Box is a small village near Corsham in Wiltshire, England, about 5 miles or so east of Bath along the A4 London Road. Since Roman times a particularly fine stone has been mined here leaving the entire area riddled with literally miles and miles of tunnels. During the Second World War the army moved in and created several large ammunition dumps deep within the mines, and today some are still used by private companies as large stores. A short distance from Box village the remains of one of these ammunition dump access tunnels is still accessible alongside the railway, and we visited it back in 2011.

To see the pictures we took during our visit to Farleigh Down sidings in 2011 please click the image above right, and to "fly" to the Box Quarry location please click the Google Earth application link to the left.

The railway, which runs from Bristol to London via Bath, passes through Box Hill by way of a long tunnel built by the famous Victorian engineer Isambard Kingdom Brunel. At one time there was a secondary tunnel entrance which ran into the mine from the railway in order to facilitate the loading and distribution of the quarried stone directly via the railway network.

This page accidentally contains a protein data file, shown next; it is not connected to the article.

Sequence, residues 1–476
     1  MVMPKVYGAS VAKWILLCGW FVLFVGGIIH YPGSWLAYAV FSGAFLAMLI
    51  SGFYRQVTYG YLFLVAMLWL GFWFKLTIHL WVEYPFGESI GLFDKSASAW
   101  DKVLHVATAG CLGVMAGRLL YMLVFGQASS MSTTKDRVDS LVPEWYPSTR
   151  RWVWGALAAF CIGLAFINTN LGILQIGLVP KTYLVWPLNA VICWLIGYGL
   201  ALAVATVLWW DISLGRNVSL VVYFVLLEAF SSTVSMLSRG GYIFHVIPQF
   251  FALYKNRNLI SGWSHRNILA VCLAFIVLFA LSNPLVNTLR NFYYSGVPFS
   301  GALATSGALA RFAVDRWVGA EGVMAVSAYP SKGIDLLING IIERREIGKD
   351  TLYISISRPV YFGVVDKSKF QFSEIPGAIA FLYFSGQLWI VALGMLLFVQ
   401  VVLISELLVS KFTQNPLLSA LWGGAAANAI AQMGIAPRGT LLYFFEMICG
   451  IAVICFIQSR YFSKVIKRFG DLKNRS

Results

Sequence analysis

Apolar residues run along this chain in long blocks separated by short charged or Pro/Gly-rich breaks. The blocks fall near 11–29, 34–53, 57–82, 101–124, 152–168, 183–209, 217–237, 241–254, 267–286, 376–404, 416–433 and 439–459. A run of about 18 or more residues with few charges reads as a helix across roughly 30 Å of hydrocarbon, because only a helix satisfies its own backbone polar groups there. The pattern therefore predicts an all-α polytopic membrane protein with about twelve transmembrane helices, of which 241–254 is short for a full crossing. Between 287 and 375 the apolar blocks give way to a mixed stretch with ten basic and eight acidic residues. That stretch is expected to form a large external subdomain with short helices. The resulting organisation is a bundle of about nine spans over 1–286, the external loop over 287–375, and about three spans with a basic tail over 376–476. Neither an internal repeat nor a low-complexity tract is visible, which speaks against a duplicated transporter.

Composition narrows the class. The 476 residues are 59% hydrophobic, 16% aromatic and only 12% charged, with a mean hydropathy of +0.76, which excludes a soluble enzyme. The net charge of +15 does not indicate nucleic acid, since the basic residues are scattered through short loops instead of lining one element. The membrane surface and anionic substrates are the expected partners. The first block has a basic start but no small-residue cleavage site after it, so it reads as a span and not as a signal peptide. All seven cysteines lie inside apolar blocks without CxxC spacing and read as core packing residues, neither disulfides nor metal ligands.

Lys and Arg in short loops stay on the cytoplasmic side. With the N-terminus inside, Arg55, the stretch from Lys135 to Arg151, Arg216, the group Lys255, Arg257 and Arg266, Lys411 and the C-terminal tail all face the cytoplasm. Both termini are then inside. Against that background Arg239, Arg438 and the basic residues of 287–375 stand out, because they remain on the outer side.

Bath Stone is an Oolitic Limestone comprising granular fragments of calcium carbonate. It was laid down when most of Somerset was covered by a shallow sea during the Jurassic Period 195 to 135 million years ago. Layers of marine sediment built up over time and individual spherical grains were coated with lime as they rolled around the sea bed. The warm, honey colour of the stone gives the city of Bath its distinctive appearance.

An important feature of Bath Stone is that it is a freestone, IE one that can be sawn or 'squared up' in any direction, unlike other rocks such as slate, which forms distinct layers. It's other peculiar feature is the fact that it is very soft and consequently very easy to work upon first extraction, but it hardens markedly after prolonged exposure to the air. It is therefore the almost perfect stone for construction.

Bath Stone has been used extensively throughout southern England for churches, houses and public buildings such as railway stations etc. Notable buildings include Bristol Cathedral -  LEFT  Truro Cathedral, and in London, Lancaster House and the Church of Christ the King in Bloomsbury. Underground extraction of Bath Stone still continues in the Corsham area but on a much smaller scale than previously. For example, Hanson PLC operates Hartham Park Quarry in the Hudswell district.